For some strange reason, my blog post “Haydn-More Talented Than Mozart” has left some readers with the impression that I somehow don’t get or don’t like Mozart. Far from it- in fact, those who pay attention to these sorts of things will no doubt have noticed that three of my last four works here in Pendleton are by Mozart.
One of my points in that post was that we ought to do away with the notion that every note Mozart wrote was a heaven-inspired nugget of perfection. Haydn was far closer to achieving infallibility in the sense of always being fresh and inspired on every single page. Pretending that every Mozart wrote was equally wonderful completely obscures just how astounding his greatest pieces are deadens us to a full understanding of who he really was and what his music, at its best, can say.
For all his precociousness and genius, Mozart seemed to often have to struggle far harder than Haydn, which ought to make us all the more in awe of what he achieved at his best. It would have been all too easy for Mozart to be content turn out mountains of attractive but ultimately unimportant music- some of the greatest prodigies and pure geniuses fell into that trap, never quite delivering music worthy of their gifts. Cruel as it is to single them out, and for all that they were fine composers, think of Korngold or Saint-Saens and imagine if Mozart had followed their path, content to turn out pieces that were perfect in their voice-leading and entertaining for the audience, but ultimately, not very deep?
There are certainly works of Mozart that prove he was far from infallible. One of my teachers, now a very famous composer in his own right, spent a week in our analysis class taking apart the poor Mozart Bassoon Concerto so that we would all be able to articulate why it was such a mediocre piece as preparation for spending the rest of the term celebrating the Prague Symphony, which he felt was as close to perfect as music gets (I agree).
A piece like the Mozart Requiem doesn’t just flow from the pen as an effortless expression of divine gifts, it is the result of a genius pushing himself to and beyond the limits of his talent. The Piano Concerto in A Major that we’re playing this week is, in a much quieter and more personal way, a similarly towering achievement.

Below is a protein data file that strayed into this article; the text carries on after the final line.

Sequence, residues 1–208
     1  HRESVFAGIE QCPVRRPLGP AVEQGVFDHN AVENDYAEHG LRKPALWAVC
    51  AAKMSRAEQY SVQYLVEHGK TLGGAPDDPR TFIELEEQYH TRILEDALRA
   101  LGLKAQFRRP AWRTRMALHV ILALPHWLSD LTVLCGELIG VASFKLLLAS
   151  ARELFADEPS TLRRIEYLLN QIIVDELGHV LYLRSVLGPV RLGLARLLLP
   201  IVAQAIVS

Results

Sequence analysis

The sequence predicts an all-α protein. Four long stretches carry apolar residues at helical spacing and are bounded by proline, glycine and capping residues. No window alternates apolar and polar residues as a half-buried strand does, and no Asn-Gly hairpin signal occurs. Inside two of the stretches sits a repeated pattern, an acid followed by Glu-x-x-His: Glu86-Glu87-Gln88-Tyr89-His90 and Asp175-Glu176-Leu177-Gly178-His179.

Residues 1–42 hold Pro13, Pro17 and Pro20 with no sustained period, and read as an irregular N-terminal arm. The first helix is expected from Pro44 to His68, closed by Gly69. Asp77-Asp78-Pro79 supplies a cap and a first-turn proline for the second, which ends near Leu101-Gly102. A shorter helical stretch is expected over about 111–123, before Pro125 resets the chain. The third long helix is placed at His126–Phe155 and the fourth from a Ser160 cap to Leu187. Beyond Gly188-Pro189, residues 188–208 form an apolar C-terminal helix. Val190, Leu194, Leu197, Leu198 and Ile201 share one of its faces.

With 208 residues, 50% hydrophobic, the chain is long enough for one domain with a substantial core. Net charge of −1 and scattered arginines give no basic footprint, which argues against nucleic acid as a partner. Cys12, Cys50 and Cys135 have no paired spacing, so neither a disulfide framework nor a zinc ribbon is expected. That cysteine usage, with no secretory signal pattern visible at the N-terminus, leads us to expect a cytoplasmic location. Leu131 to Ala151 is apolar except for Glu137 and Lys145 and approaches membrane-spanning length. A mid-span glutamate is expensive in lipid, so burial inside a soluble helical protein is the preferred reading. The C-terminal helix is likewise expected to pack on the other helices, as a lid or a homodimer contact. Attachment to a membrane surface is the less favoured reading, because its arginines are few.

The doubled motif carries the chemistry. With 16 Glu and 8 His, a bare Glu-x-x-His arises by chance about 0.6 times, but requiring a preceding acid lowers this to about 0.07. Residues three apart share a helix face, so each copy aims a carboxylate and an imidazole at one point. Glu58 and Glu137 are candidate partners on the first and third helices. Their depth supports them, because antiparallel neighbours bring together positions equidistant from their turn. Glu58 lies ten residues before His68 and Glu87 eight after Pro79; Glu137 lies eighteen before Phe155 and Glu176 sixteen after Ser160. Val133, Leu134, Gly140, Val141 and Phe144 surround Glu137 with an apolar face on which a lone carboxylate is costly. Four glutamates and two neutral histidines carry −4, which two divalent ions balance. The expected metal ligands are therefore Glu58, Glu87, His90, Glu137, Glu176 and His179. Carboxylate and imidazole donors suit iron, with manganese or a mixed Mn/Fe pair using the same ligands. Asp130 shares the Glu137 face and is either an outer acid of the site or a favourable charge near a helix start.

It might be my favorite Mozart Concerto (the D minor is its only real rival to me). In spite of its major key and the wealth of lovely tunes, I find it a strange and heartbreaking work. It seduces and haunts in equal measures. Of course, the heartbreak in the F# minor slow movement is easy to recognize- I think it is simply the saddest piece of music ever written. But even in the outwardly bucolic first movement there seem to be incredibly powerful undercurrents of longing and uncertainty. I suppose this balance between outward graciousness and inward loneliness has a few distinguished cousins- the first movements of Mahler 4 and Brahms 2 both come to mind, but this movement of Mozart’s seems to be the most perfect and moving expression of nostalgia in the best sense of the word of any piece I know. It is an expression of idealized beauty surrounded by mystery and complexity, of radiant, fragile candlelight in a vast, shadowy night.
Mozart does give us daybreak in the Finale, after we’ve cried our eyes dry in the Andante, and what a bright day it is. Still, he is, by now, too honest and too great a composer to let us completely forget what has come before- there are just enough hints of shadow and sorrow that the ending feels honest and connected to what has come before. Where the great (and similarly heart-wrenching) slow movement of the Sinfonia Concertante is followed by a not-very-distinguished Finale which can come across as a little insipid after such deep music, in this Concerto, Mozart manages to show us the sheer strength of will it takes to be joyful, truly joyful, in a world full of pain.